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Le Bouchon Chef Jean-Claude Poilevey Mourned After Fatal Car Crash

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Memorial set for Thursday for chef who popularized French cooking in Chicago

Jean-Claude Poilevey
Jean-Claude Poilevey
Ashok Selvam is the editor of Eater Chicago and a native Chicagoan armed with more than two decades of award-winning journalism. Now covering the world of restaurants and food, his nut graphs are super nutty.

Chicago is mourning the loss of Jean-Claude Poilevey, a pioneer who brought French home-style cooking to the city more than four decades ago. La Sardine will host a memorial service later this week for Poilevey after an early Saturday morning automobile crash on the Eisenhower Expressway killed the beloved chef. The 71-year-old Poilevey was driving home to Oak Park after working at his other restaurant, Le Bouchon in Bucktown, the Tribune reported.

Both restaurants closed on Saturday as customers and staff mourned. Grievers dropped by Le Bouchon over the weekend with notes, candles and flowers. Poilevey opened his first Chicago restaurant, La Fontaine, in 1973 on Clark Street north of Fullerton Parkway in Lincoln Park. He later opened Le Bouchon in 1993 and followed with La Sardine in 1998 in the West Loop. He arrived in the Midwest in the late 1960s and worked at The Playboy Club in Lake Geneva, Wis., working with a staff — that the Trib noted— included Chicago great Jean Banchet.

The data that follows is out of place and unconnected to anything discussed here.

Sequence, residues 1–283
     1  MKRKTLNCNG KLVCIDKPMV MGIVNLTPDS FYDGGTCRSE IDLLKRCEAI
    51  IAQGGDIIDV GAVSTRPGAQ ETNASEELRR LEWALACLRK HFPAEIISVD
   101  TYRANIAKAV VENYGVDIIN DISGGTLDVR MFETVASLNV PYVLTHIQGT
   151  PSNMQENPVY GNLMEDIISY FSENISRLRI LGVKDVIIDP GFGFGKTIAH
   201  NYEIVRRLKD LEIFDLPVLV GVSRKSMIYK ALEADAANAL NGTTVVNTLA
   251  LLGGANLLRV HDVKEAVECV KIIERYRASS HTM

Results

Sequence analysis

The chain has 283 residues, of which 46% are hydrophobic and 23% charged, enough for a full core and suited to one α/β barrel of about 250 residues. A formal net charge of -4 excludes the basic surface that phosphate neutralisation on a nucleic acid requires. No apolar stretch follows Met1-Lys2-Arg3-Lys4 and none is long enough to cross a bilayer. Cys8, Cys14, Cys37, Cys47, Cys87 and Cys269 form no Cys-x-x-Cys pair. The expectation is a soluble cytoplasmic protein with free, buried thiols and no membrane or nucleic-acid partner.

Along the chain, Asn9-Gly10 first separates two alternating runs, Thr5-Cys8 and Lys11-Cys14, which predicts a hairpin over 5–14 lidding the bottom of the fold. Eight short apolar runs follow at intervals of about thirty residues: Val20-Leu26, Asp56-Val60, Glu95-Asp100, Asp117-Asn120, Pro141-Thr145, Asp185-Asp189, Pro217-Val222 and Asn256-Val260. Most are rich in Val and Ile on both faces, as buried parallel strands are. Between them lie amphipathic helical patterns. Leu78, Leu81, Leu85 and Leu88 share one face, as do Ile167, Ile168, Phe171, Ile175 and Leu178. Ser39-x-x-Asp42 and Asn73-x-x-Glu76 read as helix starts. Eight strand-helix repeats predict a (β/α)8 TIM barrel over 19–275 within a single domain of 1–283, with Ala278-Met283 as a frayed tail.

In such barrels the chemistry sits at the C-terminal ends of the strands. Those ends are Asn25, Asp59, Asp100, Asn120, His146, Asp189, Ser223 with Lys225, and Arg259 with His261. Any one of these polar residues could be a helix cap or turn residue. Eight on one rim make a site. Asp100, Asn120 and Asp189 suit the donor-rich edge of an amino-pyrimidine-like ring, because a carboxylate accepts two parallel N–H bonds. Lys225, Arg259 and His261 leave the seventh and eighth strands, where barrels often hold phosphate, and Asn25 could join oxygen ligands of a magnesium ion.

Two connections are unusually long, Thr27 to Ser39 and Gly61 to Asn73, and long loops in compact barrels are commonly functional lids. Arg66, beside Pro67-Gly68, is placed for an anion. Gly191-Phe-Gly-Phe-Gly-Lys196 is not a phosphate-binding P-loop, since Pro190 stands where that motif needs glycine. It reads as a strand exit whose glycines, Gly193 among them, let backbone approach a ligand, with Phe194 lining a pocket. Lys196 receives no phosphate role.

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Posted by Le Bouchon on Sunday, April 10, 2016

Poilevey died after paramedics transported him from the crash scene to Loyola University Medical Center in Maywood. Authorities said the crash happened around 12:40 a.m. on Saturday near Central Avenue on Interstate 290. Poilevey's 2007 Audi was part of a 15-car wreck that left three others with non-life-threatening injuries. State troopers blamed icy roads for the incident.

Chicago chefs including Takashi Yagihashi (Slurping Turtle) and Carrie Nahabedian (Naha) expressed condolences. Poilevey left his mark on Chicago's French community, as he was active in a variety of cultural organizations. President Obama even dined at La Bouchon, which grew in popularity after a 2001 episode of "Check, Please!" featured Obama talking about dinners with his wife at the French bistro. Chicago Mayor Rahm Emanuel's office also shared condolences on Sunday night.

Poilevey focused on Le Bouchon as his wife, Susanne Poilevey, concentrated on La Sardine. Thursday's memorial service is open to the public, starting at noon until 8 p.m. at La Sardine, according to the Trib.

La Sardine

111 N Carpenter St, Chicago, IL 60607 (312) 421-2800 Visit Website

Le Bouchon

1958 North Damen Avenue, , IL 60647 (773) 862-6600 Visit Website